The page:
Sunday, January 21, 2018

Funny Ducks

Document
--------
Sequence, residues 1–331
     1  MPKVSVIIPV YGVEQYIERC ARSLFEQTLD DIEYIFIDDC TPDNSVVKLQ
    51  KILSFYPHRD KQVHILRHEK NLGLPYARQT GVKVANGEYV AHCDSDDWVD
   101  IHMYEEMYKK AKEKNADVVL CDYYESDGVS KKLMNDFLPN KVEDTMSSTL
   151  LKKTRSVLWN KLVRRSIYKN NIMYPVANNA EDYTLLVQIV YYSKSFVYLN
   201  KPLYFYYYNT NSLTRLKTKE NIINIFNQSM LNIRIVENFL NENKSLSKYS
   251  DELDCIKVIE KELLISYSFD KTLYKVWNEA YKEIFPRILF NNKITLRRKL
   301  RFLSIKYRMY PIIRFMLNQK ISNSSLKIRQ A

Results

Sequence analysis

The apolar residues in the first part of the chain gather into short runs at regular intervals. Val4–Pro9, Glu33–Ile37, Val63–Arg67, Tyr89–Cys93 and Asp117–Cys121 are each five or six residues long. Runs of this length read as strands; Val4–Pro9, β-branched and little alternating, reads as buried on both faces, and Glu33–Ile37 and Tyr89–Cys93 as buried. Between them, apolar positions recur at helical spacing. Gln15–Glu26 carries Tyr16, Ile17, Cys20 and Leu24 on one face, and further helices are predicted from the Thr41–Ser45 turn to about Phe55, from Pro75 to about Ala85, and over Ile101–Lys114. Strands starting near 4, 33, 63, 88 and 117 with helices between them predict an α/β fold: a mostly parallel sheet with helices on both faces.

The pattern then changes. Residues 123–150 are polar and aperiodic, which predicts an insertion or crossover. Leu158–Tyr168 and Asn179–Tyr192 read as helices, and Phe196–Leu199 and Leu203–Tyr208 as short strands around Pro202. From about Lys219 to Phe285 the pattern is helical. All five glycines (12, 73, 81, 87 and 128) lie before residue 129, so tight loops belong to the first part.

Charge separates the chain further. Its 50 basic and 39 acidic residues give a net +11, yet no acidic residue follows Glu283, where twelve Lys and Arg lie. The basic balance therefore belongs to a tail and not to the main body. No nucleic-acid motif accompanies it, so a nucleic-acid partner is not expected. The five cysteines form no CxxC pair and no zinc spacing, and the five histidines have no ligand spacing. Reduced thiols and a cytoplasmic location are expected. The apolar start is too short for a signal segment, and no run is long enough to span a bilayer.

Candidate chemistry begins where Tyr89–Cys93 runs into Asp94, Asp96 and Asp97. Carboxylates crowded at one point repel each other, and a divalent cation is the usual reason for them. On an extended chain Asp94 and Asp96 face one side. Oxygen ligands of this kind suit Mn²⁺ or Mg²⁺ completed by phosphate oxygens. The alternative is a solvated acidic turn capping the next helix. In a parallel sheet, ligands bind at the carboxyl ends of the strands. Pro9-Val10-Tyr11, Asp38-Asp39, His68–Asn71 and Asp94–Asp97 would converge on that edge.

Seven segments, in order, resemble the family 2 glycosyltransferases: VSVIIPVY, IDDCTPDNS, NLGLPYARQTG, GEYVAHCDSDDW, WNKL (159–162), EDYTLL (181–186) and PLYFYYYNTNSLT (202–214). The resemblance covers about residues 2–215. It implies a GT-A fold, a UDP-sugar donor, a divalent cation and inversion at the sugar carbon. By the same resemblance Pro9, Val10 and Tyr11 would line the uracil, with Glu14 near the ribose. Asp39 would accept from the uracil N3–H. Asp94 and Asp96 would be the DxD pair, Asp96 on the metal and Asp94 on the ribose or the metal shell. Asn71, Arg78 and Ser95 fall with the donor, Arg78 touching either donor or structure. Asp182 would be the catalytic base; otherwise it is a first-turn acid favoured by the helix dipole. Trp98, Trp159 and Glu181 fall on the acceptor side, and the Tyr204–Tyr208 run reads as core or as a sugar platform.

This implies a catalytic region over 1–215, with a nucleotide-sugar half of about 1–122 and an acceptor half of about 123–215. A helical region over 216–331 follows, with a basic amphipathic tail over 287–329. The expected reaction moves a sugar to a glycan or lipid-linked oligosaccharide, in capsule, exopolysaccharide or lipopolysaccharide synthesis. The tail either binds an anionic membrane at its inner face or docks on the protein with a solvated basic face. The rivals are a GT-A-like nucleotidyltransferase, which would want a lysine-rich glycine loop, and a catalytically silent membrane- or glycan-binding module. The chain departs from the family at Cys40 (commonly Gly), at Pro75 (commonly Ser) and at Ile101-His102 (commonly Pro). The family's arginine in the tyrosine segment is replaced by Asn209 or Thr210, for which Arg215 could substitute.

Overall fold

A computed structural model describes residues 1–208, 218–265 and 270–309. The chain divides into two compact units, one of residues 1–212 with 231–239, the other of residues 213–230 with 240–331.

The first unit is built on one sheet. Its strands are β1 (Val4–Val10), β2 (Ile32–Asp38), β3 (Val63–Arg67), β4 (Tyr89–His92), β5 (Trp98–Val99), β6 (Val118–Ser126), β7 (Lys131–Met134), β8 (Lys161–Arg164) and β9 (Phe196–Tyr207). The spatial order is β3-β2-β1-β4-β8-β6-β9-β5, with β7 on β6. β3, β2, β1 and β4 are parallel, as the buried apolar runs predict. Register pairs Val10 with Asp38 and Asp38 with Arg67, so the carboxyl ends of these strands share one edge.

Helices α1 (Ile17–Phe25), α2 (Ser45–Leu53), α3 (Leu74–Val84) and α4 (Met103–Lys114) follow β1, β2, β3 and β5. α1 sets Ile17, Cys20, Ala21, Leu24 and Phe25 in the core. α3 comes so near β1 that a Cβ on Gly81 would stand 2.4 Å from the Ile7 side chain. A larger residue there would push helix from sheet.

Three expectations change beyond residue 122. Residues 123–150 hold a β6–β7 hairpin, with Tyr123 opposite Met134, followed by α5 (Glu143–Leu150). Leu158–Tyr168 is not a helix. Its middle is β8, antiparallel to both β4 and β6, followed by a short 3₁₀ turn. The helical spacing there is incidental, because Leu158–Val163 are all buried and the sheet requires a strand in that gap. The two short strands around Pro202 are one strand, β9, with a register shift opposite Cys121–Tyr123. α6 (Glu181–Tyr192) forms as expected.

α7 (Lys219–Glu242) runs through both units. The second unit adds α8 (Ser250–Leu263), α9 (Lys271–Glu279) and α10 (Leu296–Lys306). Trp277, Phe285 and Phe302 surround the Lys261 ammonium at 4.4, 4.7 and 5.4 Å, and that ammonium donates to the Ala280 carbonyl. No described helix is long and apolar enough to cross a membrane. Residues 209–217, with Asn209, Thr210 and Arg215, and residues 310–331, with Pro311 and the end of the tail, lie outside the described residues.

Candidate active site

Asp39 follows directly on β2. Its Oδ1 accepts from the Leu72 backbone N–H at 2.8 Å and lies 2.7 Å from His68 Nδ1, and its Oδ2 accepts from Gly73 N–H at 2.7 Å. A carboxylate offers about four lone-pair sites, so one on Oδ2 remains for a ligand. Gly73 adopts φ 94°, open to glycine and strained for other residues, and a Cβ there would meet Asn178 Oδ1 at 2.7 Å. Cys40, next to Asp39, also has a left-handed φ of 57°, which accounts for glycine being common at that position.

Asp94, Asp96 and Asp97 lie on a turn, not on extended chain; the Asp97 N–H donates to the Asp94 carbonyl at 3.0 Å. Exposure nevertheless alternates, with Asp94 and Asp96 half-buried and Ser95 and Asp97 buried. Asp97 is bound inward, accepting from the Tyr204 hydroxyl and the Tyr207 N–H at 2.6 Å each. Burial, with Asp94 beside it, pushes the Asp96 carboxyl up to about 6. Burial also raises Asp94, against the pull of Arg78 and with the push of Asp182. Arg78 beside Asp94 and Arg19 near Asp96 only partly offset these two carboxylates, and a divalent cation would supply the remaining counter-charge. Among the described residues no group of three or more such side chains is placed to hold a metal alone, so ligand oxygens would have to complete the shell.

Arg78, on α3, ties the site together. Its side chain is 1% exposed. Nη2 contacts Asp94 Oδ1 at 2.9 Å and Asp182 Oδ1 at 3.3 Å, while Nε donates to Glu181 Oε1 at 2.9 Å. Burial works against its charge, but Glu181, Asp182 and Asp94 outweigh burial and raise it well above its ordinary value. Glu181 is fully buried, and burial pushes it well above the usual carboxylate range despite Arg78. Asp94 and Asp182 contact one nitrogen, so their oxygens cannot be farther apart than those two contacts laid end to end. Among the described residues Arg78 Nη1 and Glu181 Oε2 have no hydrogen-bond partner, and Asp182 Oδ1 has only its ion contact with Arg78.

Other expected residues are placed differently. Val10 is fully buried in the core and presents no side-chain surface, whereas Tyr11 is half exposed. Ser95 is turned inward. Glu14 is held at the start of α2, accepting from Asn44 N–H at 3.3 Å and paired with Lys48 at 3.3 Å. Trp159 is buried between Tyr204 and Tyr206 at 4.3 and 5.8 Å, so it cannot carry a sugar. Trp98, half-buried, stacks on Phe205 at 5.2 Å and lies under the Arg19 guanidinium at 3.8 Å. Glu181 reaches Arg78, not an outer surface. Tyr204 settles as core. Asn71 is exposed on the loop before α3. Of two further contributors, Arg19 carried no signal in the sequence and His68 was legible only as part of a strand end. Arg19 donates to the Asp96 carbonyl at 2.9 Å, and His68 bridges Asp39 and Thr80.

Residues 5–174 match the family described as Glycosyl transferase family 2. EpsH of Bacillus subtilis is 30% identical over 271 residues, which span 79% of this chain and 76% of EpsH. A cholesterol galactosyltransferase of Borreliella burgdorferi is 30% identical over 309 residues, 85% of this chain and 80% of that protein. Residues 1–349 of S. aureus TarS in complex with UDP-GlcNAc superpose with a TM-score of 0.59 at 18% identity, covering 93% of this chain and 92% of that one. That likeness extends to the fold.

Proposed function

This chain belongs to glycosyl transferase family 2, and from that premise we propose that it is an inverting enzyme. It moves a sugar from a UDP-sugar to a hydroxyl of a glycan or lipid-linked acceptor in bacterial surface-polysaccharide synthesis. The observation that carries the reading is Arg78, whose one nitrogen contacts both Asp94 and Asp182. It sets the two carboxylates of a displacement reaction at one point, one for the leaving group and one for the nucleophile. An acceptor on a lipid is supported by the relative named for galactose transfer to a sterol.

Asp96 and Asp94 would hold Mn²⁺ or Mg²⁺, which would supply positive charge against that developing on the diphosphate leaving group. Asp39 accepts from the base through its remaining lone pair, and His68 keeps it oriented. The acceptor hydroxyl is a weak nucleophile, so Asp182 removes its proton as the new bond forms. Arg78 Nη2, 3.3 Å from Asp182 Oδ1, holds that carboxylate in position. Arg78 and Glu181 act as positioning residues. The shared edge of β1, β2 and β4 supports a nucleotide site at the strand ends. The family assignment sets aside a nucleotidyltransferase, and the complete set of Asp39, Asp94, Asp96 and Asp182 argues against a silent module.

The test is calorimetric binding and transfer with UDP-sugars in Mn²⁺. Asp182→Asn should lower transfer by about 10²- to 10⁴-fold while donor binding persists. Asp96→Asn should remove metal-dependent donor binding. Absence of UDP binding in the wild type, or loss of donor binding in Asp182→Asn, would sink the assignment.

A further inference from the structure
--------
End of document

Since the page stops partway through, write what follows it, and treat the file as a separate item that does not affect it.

It was another cold day at the park this Sunday morning. I really didn't see much until I came to the southwestern corner of the park where I could hear all the Mallards quacking even before I got there. I figured I would spend some time looking among them in hopes of maybe finding an American Black Duck which is an entirely different species. It didn't take long before I noticed an unusually dark looking duck. After seeing it's wing patch or "speculum" I could see it was missing the wide, white border that is present on Mallards. It's funny how predictable they have come to be here each winter. I am learning more all the time about Black Ducks and one thing in particular I am learning is that a high percentage of them have Mallard genes, meaning the two species commonly interbreed. In fact someone pointed out in one of these photos that there IS still the tiniest sliver of a white border on the wing patch, something that should be completely missing on a pure American Black Duck. Knowing this now, it's more apparent that the vast majority of Black Ducks I have spotted thus far have not been 100% pure American Black Duck. Maybe a few have but they would actually be the exception to the rule it seems. Whenever I do see one that I suspect has at least some Black Duck genes, I find it helpful to get a photo of them next to a regular Mallard for comparison. My second photo here shows just that. There was one other odd looking duck in the group today who seemed to possess the qualities of maybe more than two different species! One term I've learned over the years that is often used to describe such ducks is a "Manky" Mallard. Manky is a British term that generally refers to a wild duck that has bred with a domestic duck. Which is exactly what I thought I had here. BUT after sharing the photo with other bird watchers, their consensus was simply another Mallard x American Black Duck hybrid. So probably two wild ducks and not necessarily any part domestic, thus not really a "Manky" Mallard. I've found a LOT of variable ducks over the years and I find them to be a confusing yet very interesting topic. Every time I think I know what I'm looking at, I find out I'm not as versed as I think I am. Oh well, they are certainly fun to guess at! Here is an interesting online source I stumbled upon some time ago: Later on I spent some time trying to relocate the Northern Shrike from last week but could not find it.

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